Martial arts is one of those rare arenas where people show their true personality, without disguise or pretense. Unfortunately, some of these people are real nut jobs!
Here are three short stories of artifice and cowardice, taken from my experience in the gentle art of Aikido.
Two words: sharpened toenails.
That’s right, this character filed each of his toenails into a sharp point. Since nobody walks around barefoot in public, only at home and in the dojo, these weapons were clearly intended for either his family or his fellow students.
I did not practice with him.
I was paired up with this European gentleman who thought himself my senior. I can’t remember his name, so let’s just call him Chuck.
A little background info for those without experience in Japanese martial arts: in the worst dojos, the success or failure of a technique is determined not by skill, but by seniority. When a kohai (junior student) attempts to neutralize a sempai or sensei, they are expected to fail, thereby showing respect for the social hierarchy.
We were not attending a bad dojo; on the contrary, it was probably the best Aikido school in town. But Chuck had acquired some bad habits elsewhere, and wasn’t quite ready to abandon them.
The mat was crowded that evening, and we were only two or three feet from a wall. Chuck and I were practicing throwing techniques. When it was Chuck’s turn to play uke (attacker), I entered and took his balance.
Maybe Chuck found some aspect of my performance unsatisfactory, or maybe he just wanted to put me in my place. (The contemptuous look on his face suggested the latter.) Either way, he disregarded his own vulnerability, and lifted up his leg as if to kick me in the stomach.
The situation was ridiculous. In his unbalanced position, Chuck could barely stand on both legs. And he wanted to pick one up and kick me with it? I didn’t back away to avoid his foot, since it had no power behind it.
I don’t know if the chief instructor noticed the slight smile crossing my face. But she rushed over, stopped us, and reprimanded Chuck. I didn’t toss him headfirst into the wall.
A few years back, I attended an Aikido seminar featuring a 7th dan expert from Japan. Although I didn’t know most of the other attendees, I wasn’t worried about bad behavior. Aikido folks are generally benevolent and well-intentioned.
A few minutes before the seminar, I went off to the corner to do my standard set of warm-up exercises. While other people were doing static floor stretches, I practiced some Fu style swimming dragon movements. One of the senior students saw my exercises, and decided he had to teach me a lesson.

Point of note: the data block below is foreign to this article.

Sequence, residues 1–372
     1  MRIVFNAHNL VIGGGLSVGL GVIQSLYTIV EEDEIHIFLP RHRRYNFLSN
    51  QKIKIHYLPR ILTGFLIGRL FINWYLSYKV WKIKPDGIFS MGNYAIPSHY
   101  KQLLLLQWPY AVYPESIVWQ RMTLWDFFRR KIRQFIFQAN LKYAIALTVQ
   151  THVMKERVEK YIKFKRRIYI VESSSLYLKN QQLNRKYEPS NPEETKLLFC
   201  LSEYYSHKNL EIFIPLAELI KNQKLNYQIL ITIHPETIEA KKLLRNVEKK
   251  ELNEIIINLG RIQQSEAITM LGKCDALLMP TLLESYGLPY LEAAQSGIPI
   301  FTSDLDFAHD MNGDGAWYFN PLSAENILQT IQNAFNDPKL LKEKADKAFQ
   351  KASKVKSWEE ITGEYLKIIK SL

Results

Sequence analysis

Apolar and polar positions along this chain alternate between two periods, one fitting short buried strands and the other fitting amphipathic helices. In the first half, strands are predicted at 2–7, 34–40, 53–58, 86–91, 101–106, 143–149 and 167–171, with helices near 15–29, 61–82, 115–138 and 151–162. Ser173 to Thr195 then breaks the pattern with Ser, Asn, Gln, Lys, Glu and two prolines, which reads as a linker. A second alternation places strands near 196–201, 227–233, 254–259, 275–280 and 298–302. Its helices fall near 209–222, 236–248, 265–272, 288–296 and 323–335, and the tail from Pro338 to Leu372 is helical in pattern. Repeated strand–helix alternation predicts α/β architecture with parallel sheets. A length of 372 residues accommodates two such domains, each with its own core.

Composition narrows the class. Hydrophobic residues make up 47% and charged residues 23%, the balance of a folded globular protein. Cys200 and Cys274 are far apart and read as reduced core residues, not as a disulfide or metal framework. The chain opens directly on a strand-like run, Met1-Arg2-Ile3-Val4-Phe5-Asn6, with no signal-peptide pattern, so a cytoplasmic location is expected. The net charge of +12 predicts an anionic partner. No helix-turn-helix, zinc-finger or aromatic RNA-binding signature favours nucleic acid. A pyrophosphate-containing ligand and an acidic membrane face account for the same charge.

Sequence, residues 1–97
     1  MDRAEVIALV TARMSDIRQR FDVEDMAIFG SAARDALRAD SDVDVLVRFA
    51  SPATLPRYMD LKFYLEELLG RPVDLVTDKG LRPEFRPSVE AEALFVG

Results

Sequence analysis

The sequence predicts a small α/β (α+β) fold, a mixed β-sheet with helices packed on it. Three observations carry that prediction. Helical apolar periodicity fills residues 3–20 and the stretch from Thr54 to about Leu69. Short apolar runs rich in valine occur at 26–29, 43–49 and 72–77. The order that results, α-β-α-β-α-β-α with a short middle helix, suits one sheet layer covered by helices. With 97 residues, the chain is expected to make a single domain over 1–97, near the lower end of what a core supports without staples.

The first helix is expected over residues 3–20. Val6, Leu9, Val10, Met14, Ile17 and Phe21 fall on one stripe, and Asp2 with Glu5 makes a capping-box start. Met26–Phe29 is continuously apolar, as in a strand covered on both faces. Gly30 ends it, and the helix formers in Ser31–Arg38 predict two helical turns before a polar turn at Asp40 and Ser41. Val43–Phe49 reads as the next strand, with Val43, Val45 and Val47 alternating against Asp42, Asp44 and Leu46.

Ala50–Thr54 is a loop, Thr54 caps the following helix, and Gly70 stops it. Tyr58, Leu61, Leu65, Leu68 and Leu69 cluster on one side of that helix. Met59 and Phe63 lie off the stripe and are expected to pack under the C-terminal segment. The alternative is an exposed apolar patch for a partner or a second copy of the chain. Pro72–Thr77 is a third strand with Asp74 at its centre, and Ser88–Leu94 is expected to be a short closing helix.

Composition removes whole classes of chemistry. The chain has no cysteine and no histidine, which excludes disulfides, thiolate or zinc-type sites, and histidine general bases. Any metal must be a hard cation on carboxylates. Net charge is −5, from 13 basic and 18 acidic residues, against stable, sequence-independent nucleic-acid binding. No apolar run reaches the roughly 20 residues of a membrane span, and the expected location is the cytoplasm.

After the seminar started, we were paired up to practice shiho nage. He requested that we practice slowly and carefully, since he was “recovering from brain surgery”. I agreed, and when I applied the technique, I let him fall at his own speed.
Illustration by O. Ratti
Then, it was my turn to play uke. I attacked slowly, and he responded in turn, until the last moment. He then applied the shiho nage so viciously that, had my ukemi been anything less than perfect, I would have left the seminar early to go the hospital.
Luckily, my flip was flawless. I stood up and looked at him, uninjured but disturbed by such treachery. “Nice fall,” he sneered.
Now it’s your turn. What neurotic, psychotic or bizarre individuals have you met during your training? Tell your story, but please don’t identify anyone by name; I don’t need any legal hassles.
I was trying out a new teacher a few months back and the teacher paired me off with a karate sensei who was visiting from Hong Kong. This guy new I had experience in xingyi and bagua, but I guess he thought himself my natural superior because of his belt. He didn’t think too much of CMA so I couldn’t figure out why he with this teacher studying long fist and xingyi anyway. But I digress.
We were paired up for throwing practice and bagua shuai jiao skills really paid off. I entered smoothly and immediately threw him nice and soft. He seemed really offended and tried to muscle the throw when it was his turn. But muscling PREVENTED him from doing the technique! In fact, he couldn’t even lift me! I tried in vain to to push myself over his body to help him with the throw but he hadn’t even really taken my balance so I couldn’t throw myself.
He gave up and seemed really pissed. Since it was my turn again, he said he was going to make it as difficult as possible for me to throw him. And he did. When I entered, he wrestled me as hard as he could to prevent me from getting the technique. I got tired of this and kaoed him with my shoulder into the wall. The teacher saw this and came over and told us to take a break.